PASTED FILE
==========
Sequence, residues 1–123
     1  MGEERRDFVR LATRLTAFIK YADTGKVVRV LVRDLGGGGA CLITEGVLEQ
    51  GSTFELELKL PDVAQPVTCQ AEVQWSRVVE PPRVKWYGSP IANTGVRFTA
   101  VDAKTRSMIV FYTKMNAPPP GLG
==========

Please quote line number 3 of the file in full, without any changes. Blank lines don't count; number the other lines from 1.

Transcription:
    51  GSTFELELKL PDVAQPVTCQ AEVQWSRVVE PPRVKWYGSP IANTGVRFTA